Our day seven began as normal: getting to Sacred Heart at 7:30 and jumping right into digging. Our new area is quite large, so we are all motivated to work as efficiently as possible to clear it. We began the day by extending our two long trenches and adding a third in the middle. As we move down, we will cut across perpendicularly while continuing to extend the long ones.
Long story short: we have moved and will continue to move a lot of dirt.
While we love the work, we welcomed a change of pace today when Dr. Spradley said Deputy White needed a team to go on a search with him at a local ranch. We were set to leave at nine, so we set a timer for thirty minutes and got as much dirt moved as we could before it went off. Then, we headed out to the ranch.
Once inside the gate, we were met by two Border Patrol agents. We went to the area of interest and began to search.
When you take a crime scene investigation course, or even an introduction to forensics course, you learn different search methods: line searches, spiral searches, grid searches, etc. None of that training prepared me for searching this ranch. Walking ten feet in one direction is basically impossible due to the brush-filled terrain. If you kept up with the blog from the Summer 2018 search season, you have a better understanding of what I am talking about. If not, start here. Dr. Latham and Angela are the only ones who have done a search like this before, so the rest of us were learning as we went.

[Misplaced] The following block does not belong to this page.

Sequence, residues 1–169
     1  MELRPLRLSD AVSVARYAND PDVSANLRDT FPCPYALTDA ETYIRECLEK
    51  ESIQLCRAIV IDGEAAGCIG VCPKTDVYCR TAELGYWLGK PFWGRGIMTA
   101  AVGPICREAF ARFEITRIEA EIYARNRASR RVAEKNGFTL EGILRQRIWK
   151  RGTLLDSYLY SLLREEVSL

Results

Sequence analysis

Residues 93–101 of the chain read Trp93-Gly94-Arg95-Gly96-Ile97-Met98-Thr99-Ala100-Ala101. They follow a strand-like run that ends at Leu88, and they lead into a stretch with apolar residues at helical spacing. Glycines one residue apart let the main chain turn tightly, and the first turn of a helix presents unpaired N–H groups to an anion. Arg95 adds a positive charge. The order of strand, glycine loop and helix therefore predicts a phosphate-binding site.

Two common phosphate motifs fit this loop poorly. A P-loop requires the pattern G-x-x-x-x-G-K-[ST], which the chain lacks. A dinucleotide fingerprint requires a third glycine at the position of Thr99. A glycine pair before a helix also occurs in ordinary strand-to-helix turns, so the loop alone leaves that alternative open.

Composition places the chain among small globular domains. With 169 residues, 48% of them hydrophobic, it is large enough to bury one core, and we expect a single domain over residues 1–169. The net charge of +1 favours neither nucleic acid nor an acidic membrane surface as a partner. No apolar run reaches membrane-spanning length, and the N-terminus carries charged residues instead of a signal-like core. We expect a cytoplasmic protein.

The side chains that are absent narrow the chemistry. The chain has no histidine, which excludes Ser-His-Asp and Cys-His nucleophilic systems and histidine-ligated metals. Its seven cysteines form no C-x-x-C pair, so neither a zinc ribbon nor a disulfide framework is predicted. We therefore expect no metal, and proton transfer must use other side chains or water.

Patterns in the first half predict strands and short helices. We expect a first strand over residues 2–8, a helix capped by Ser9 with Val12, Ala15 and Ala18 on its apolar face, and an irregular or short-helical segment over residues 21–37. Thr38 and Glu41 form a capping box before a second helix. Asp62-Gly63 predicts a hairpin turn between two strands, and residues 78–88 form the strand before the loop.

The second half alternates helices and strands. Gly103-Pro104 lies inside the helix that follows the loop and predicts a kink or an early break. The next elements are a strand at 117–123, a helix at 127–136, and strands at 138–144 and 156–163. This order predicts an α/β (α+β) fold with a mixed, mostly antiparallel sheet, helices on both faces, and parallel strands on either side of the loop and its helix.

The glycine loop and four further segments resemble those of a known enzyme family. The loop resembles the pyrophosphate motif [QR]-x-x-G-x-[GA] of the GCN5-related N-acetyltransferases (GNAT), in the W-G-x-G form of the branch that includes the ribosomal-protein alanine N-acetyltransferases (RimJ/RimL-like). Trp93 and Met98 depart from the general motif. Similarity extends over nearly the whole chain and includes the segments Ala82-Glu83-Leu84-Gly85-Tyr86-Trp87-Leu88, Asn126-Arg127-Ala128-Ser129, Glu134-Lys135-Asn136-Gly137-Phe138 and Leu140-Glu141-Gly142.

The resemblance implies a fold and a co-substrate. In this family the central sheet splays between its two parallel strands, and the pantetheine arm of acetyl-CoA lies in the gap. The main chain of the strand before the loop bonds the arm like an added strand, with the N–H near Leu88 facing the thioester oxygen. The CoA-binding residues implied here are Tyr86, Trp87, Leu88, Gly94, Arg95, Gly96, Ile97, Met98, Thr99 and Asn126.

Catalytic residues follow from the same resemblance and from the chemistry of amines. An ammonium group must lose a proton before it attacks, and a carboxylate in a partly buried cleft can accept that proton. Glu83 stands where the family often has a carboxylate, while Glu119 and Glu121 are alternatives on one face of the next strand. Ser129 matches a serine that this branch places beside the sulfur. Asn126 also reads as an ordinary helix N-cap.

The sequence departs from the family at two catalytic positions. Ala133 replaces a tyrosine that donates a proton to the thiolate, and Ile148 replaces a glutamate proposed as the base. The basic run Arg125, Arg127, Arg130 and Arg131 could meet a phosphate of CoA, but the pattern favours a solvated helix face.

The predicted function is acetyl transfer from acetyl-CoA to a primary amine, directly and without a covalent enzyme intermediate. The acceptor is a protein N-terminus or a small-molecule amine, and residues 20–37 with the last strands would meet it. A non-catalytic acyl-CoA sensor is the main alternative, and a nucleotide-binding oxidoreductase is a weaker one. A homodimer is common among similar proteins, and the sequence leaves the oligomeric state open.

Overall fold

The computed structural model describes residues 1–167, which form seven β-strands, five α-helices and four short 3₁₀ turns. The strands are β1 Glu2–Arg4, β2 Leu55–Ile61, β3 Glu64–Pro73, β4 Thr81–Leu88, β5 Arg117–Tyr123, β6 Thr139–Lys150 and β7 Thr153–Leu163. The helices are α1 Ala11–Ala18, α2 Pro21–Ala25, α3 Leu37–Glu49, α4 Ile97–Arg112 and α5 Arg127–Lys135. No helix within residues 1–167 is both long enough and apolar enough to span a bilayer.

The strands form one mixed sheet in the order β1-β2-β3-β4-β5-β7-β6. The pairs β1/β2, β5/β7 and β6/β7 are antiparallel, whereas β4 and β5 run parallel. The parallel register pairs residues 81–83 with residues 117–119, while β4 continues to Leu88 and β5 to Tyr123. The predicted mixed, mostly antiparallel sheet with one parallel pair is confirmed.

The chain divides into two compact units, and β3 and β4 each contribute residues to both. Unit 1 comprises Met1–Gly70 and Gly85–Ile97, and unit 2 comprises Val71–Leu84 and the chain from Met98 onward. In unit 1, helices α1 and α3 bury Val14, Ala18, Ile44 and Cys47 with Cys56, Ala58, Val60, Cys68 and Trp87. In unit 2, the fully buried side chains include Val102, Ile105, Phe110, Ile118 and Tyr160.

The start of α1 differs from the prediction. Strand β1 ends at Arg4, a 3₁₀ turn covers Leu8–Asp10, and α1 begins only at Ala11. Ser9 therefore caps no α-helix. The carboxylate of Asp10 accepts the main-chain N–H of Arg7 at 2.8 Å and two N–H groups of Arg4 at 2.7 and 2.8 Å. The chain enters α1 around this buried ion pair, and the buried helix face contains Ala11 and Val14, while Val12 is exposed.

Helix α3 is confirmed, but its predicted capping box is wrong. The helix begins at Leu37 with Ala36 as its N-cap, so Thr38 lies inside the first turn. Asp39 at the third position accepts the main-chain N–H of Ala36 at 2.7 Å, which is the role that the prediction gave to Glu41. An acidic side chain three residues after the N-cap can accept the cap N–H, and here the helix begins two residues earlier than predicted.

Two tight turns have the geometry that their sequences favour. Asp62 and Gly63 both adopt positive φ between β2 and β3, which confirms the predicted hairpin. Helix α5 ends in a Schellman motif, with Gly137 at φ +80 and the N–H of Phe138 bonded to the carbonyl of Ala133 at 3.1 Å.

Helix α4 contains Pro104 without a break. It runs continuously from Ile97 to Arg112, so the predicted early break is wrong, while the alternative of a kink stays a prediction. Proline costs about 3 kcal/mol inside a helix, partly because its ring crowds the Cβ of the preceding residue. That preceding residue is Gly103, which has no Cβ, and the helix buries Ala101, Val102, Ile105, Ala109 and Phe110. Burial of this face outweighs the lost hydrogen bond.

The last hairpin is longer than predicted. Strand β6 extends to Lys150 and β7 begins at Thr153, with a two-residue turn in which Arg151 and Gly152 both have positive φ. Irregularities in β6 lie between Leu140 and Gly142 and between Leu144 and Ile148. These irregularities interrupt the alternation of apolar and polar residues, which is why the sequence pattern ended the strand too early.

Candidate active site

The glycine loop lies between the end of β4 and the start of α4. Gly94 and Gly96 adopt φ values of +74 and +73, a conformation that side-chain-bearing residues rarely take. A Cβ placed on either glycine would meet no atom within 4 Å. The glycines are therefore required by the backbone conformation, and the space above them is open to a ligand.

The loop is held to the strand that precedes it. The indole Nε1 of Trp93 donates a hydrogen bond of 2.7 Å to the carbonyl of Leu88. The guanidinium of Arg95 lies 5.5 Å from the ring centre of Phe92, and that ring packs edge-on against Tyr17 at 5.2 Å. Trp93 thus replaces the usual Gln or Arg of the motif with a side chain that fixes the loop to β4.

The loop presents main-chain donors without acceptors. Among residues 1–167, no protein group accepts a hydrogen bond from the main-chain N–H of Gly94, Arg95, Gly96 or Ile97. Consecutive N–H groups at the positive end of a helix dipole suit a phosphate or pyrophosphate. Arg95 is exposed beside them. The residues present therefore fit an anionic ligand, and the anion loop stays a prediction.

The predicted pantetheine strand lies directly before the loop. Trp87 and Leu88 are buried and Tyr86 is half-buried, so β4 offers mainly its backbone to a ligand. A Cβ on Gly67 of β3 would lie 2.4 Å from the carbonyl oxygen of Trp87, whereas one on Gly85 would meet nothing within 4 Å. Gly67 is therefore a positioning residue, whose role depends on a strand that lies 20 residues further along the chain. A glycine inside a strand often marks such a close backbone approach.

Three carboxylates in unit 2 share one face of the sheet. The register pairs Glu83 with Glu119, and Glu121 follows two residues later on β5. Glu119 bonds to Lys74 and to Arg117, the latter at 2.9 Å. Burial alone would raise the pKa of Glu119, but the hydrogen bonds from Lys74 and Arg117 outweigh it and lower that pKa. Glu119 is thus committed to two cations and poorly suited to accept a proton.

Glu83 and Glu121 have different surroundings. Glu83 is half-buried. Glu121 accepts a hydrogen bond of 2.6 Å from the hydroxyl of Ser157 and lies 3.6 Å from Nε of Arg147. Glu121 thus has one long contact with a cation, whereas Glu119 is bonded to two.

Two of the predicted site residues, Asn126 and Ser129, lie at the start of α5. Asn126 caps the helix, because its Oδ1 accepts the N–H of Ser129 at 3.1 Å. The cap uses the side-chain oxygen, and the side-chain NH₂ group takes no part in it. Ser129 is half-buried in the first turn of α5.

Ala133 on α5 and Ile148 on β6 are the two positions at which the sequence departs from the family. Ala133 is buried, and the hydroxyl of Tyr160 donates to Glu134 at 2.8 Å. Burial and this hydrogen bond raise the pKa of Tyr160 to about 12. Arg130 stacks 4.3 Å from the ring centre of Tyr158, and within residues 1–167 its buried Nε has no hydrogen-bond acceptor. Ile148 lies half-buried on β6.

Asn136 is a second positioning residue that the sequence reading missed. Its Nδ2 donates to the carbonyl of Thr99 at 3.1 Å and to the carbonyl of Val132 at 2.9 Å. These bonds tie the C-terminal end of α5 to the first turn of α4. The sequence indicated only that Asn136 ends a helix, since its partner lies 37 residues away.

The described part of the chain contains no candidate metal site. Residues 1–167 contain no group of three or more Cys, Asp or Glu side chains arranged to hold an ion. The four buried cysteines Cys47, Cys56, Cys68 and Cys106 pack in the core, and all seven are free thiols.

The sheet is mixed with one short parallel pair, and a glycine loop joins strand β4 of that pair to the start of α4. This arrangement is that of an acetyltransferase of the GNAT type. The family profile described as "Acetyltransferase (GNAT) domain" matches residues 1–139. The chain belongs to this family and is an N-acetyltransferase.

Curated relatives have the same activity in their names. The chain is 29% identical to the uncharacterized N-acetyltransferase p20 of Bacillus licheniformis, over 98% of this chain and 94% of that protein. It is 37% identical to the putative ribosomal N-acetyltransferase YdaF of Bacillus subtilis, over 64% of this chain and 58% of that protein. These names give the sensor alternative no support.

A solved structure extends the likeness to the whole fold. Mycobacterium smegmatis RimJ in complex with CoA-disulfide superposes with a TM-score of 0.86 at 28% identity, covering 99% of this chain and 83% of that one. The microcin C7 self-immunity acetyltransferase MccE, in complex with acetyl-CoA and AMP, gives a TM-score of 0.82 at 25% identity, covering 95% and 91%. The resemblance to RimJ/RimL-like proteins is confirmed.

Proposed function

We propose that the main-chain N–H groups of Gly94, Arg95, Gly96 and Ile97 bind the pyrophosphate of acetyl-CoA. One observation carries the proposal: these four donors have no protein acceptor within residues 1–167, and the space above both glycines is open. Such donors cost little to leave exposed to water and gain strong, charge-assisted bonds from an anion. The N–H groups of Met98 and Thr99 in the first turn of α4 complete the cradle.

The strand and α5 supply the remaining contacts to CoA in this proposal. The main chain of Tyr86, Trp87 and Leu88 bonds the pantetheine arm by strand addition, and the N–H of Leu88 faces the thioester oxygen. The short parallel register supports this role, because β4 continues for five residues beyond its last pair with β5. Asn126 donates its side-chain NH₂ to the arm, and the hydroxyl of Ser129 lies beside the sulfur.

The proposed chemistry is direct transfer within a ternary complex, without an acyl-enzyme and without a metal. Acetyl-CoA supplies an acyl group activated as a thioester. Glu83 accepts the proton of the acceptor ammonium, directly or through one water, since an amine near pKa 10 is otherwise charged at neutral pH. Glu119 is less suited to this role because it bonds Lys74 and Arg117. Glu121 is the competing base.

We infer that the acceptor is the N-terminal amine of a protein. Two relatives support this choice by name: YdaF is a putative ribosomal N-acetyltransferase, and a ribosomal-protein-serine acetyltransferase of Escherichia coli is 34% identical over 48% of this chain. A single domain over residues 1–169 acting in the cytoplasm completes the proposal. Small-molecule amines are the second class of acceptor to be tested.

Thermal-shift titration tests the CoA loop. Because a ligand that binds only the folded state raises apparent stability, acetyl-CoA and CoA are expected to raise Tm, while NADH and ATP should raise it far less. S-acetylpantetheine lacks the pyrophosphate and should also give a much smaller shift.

As I was searching, I came up with a system where I would walk from one landmark to another before moving forward: jacket to water bottle, water bottle to large cactus, large cactus to broken branch. This was a way for me to try to keep the main area in mind and to not wander off. I had my phone, but with no signal it would not have done me any good. At one point there was no one within my line of site. It was high noon and the visibility was as good as it could be. I couldn’t see Sammi’s white jacket or Dr. Latham’s red bandana. When migrants traverse this area it’s most often in the dead of night. I cannot imagine trying to navigate the rough terrain in total darkness, no compass, and no idea of where to go. I was thankful we did not have far to go and were able to stay relatively close to each other.
After we finished our search, we returned to Sacred Heart and found out the Brooks County Judge had brought everyone pizza for lunch. We took a small break to eat and then continued in our digging efforts. We worked for a few more hours but called it an early day so that we could get cleaned up before heading out to La Copa ranch where our Texas State colleagues are staying. The people who run the ranch (The Ed Rachal Foundation) were kind enough to throw us a barbeque! We were able to eat and drink with those who we normally only get to see in the field, offering a nice break from our day-to-day efforts in the cemetery.
We only have two days left in the field, and our plan is to get as much done as we possibly can while still remaining confident in our work.
Thanks for continuing to follow our progress!